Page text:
As my dream is to build a statue at Edgerton Park where Earl Lloyd was the first African-American to play in the NBA, when biking past Edgerton Park yesterday I dropped by the Department of Recreation Office on Dewey Avenue.
I asked the desk attendant Jessica Rivera if anyone might know more about Lloyd. She immediately called Kevin Holman, Director of the Edgerton-R Center just down way at 41 Backus Street. Not only did Kevin know of Lloyd, he said there was a painting of him inside the Center!
Actually Kevin slightly misunderstood what I asked. The painting turned out not to be Lloyd but William “Dolly” King who played in 1946 for the Rochester Royals in the National Basketball League. I had learned about King at RIT’s recent exhibit, When Rochester Was Royal: Professional Basketball in Rochester, 1945-1957,
Though light-skinned, King was initially barred from the N.B.L because of its whites-only policy. In 1946, King became the first black in the N.B.L. and thus the first black professional basketball player in Rochester. Interestingly, 1946 was also the year Jackie Robinson was the first African-American baseball professional to play in Rochester.
King’s portrait was just one part of two dazzling walls of murals I had no idea existed. The finely crafted images colorfully capture — literally in bubbles — the past and present of Edgerton Park.
As explained by Kevin, the murals were installed about 5 months ago. Rec kids and staff members collaborated with artist Sarah Rutherford to design and create the murals. The murals are animated by an interesting concept in which a boy are girl are blowing bubbles across the walls.
Kevin says the idea is that the shimmering bubbles are moving through space, time and history. Within several of the floating bubbles are images of Edgerton Park past: the gates at the old Exposition Park, the old bandstand, the paddock where ladies in parasols watched the horses race.
In this daydream-like tableaux, the long gone icons of Edgerton Park do not feel like relics. The power of the mural is that the bubble-blowing boy and girl are themselves bringing history to life. In the murals, history is not about old relics. History is an act of the imagination.
On the wall opposite the historical bubbles is another interesting artistic device or concept. Kevin said Rec Center students in a photography class took photos of themselves taking photos. One photo was then turned into the image of the girl taking pictures of the boy blowing bubbles.The result of the camera image and the floating, shimmering bubbles enveloping Edgerton Park icons is that Edgerton Park past and present are no longer static. The whole mural becomes a fluid, playful representation about the making of the mural itself.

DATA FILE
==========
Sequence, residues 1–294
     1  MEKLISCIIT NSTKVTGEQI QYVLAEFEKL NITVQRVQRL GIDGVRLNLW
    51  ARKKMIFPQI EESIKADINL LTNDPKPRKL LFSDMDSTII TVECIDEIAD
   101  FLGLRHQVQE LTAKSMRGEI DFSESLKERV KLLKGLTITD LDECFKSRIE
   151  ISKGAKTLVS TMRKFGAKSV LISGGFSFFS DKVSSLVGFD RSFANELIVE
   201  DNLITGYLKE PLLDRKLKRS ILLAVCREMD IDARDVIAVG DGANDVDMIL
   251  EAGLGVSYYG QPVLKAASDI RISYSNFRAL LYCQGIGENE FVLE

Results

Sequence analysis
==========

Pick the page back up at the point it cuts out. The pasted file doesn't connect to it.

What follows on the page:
As they should be, Kevin says the staff and kids are proud of the work they did. The hallway is animated with the joy and pleasure the artists took in their creation. Kevin says people often comment on and compliment the murals. They give the Rec Center a new bright and upbeat vibe.
Especially since beginning the mural project, Kevin has become fascinated and knowledgeable on the history of Edgerton Park back to when the site was home to the grim Western House of Refuge from 1846 – 1907 (see Jeff Ludwig’s article).
Kevin showed me the original photos used in the murals, as well as maps and pictures of the park, and gave me the brochure for the Edgerton Model Train Room. Kevin also pointed to a mural on the outside wall, Digital Ripple, that — like the historical perspective of the inside mural — represents the trajectory of communication technology. We both agreed a follow up story needed to be done.
Kevin also explained the National Football League Rochester Jeffersons (1920 – 1925) had played their games at Edgerton Park. Quite possibly on the same turf, the Rochester UPrep varsity and junior varsity teams were practicing.
During the practice, I overheard Head Coach Terrell Cunningham addressing his players on the need to respect and listen to male role models.
Cunningham told them his own father was a “deadbeat dad,” whose negative example motivated Cunningham not to become one himself. Coach told the players it doesn’t matter if a male role model doesn’t look like you. If the message is sincere and productive, listen.
I also met offensive line coach, Patrick Best, UPrep Social Studies teacher and offensive line coach who played at St. John Fisher. Patrick talked about how a lot of his kids need the reassurance coaches can provide as male role models. Often, they experience men who come and go in their lives.
Patrick said in his first year players were often distant — partially because Patrick didn’t look like them and partially because the players were hesitant to make emotional connections.
When the team saw Patrick was back for his second year — and for the long term — things changed. Seeing that Patrick cared — and realizing that Cunningham meant what he said — the players have developed a strong bond with their offensive line coach on and off the football field.
From Jessica Rivera to Kevin Holman to Sherod Smith to Terrell Cunningham to Patrick Best, I left Edgerton Park feeling good.